• High blood pressure runs in your family.
  • You lead a sedentary lifestyle.
  • You’re overweight or obese.
  • You drink alcohol.

In addition to these risk factors — and notice salt consumption isn’t one of them — your chances of developing high blood pressure go up as you age.

2: Foods High in Sodium Taste Salty

Bottom line: We salt our food because it tastes good, not because we need the extra sodium. Sodium is an essential element of salt, but not all sodium-rich foods taste salty. You wouldn’t add salt to your breakfast cereal, for example, yet many are high-sodium foods (low-sodium foods contain 140 mg or less of sodium per serving). Sometimes you can’t tell until you read the nutritional information. One serving (1 cup) of General Mills’ Corn Chex cereal contains 240 mg of sodium. Similarly, one serving (1 cup) of Kellogg’s Corn Flakes contains 200 mg of sodium.

A Squeeze of Sodium

Some of our favorite condiments are hidden sodium pitfalls. Like to add ketchup to your burgers and fries? At a whopping 190 mg of sodium per tablespoon, look for low- or no-salt versions or try alternative condiments. And be sure to read the labels!

1: Medications Don't Have a Significant Sodium Content

Indeed, sodium is in the foods we eat, but it’s also in some of the medicines we take. Some over-the-counter cold medicines, pain relievers (non-steroidal anti-inflammatory drugs), laxatives and heartburn medicines contain sodium-based ingredients, increasing your daily sodium intake every time you reach for a bottle of antacid. Decongestants, in particular, can be hidden sources of sodium.

Be sure to read the ingredients list — including the inactive ingredients — and look for sodium-based ingredients such as sodium lauryl sulfate, sodium propionate, sodium starch glycolate, sodium carbonate (or bicarbonate), sodium saccharine and sodium polyphosphate.

Lots More Information

Related Articles

  • 5 Sodium-free Foods for Dinner
  • How Salt Works
  • How Food Preservation Works


  • American Health Association. "High Blood Pressure Statistics." 2010. (Oct. 28, 2010) http://www.americanheart.org/presenter.jhtml?identifier=4621
  • American Heart Association. "Over-the-Counter Medications." July 26, 2010. (Oct. 28, 2010) http://www.heart.org/HEARTORG/Conditions/HighBloodPressure /PreventionTreatmentofHighBloodPressure/Over-the-Counter- Medications_UCM_303245_Article.jsp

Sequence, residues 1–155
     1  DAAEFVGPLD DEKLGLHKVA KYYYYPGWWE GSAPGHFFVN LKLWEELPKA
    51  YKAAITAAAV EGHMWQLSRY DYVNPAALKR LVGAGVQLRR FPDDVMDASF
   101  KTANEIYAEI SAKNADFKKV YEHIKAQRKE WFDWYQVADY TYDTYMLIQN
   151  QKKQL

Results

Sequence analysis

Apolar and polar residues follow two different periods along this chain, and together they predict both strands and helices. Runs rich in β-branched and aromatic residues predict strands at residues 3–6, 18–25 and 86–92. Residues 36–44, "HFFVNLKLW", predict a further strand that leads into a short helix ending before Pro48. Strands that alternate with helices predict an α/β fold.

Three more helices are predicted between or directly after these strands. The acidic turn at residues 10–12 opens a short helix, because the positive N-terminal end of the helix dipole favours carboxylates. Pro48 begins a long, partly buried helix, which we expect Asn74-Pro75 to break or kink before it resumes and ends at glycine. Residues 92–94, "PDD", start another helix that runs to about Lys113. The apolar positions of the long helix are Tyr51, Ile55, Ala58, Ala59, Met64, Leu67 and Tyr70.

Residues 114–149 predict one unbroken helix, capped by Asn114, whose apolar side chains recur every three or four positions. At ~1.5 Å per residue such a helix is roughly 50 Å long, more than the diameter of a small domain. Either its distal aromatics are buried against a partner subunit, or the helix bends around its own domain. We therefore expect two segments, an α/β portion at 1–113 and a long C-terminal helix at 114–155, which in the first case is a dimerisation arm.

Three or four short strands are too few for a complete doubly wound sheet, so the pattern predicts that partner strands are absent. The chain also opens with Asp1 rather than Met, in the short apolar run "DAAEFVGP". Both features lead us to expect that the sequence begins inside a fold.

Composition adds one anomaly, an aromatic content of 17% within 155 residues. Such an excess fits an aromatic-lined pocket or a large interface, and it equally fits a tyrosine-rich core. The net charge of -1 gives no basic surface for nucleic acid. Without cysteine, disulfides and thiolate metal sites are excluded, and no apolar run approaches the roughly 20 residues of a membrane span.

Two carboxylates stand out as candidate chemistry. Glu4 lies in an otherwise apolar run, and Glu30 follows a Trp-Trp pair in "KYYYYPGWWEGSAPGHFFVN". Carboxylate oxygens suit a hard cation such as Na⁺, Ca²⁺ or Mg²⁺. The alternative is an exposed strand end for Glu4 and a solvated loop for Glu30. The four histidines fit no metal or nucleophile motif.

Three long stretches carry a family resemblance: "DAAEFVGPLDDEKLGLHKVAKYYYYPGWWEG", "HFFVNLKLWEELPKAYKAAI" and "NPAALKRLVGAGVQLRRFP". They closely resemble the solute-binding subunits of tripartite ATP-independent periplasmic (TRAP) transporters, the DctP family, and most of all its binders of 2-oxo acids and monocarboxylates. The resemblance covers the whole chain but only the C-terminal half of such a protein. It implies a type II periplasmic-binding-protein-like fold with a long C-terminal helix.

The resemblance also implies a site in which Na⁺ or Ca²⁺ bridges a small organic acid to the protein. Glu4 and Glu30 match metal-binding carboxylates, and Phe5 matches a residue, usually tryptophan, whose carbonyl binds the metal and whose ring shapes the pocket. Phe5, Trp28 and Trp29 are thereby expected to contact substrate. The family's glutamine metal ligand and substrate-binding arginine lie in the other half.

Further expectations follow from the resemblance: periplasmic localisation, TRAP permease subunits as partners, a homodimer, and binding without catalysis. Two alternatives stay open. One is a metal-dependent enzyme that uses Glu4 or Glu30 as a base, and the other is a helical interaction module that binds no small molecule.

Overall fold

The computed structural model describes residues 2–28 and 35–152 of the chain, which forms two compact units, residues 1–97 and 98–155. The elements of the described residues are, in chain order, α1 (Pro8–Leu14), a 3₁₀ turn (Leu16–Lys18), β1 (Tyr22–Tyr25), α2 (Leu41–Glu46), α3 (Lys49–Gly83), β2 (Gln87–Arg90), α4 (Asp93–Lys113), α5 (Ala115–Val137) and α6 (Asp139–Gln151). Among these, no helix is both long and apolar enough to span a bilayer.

• American Heart Association. "Understanding Your Risk for High Blood Pressure." July 30, 2010. (Oct. 28, 2010) http://www.heart.org/HEARTORG/Conditions/HighBloodPressure /UnderstandYourRiskforHighBloodPressure/Understand-Your-Risk-for-High- Blood-Pressure_UCM_002052_Article.jsp
  • General Mills Inc. "Cereals." 2010. (Oct. 28, 2010) http://www.generalmills.com/Brands/Cereals/
  • H.J. Heinz Company L.P. "Heinz Tomato Ketchup." 2010. (Oct. 28, 2010) http://www.heinzketchup.com/Products.aspx
  • Kellogg’s NA Co. 2010. (Oct. 28, 2010) http://www2.kelloggs.com/
  • Mayo Foundation for Medical Information and Research. "Sodium in medications: A concern if you have high blood pressure." Sept. 4, 2004. (Oct. 28, 2010) http://www.megaheart.com/pdf/sodiuminmedications.pdf
  • Medical News Today. "Salt (sodium chloride), what it is and how it affects your health." Sept. 12, 2004. (Oct. 28, 2010) http://www.medicalnewstoday.com/articles/13273.php
  • The Merck Manuals. "Sodium." August 2008. (Oct. 28, 2010) http://www.merck.com/mmhe/sec12/ch155/ch155m.html
  • U.S. National Library of Medicine. MedlinePlus Medical Encyclopedia. "Sodium in diet." May 26, 2010. (Oct. 28, 2010) http://www.nlm.nih.gov/medlineplus/ency/article/002415.htm
  • Vantine, Julia. "Americans’ Salt Intake Unchanged Over 50 years." U.S. News and World Report. Oct. 20, 2010. (Oct. 28, 2010) http://health.usnews.com/health-news/family-health/heart/articles/2010/10/20/americans-salt-intake-unchanged-over-50-years.html
  • WebMD. "Salt Shockers Slideshow: High-Sodium Surprises." Nov. 17, 2008. (Oct. 28, 2010) http://www.webmd.com/diet/slideshow-salt-shockers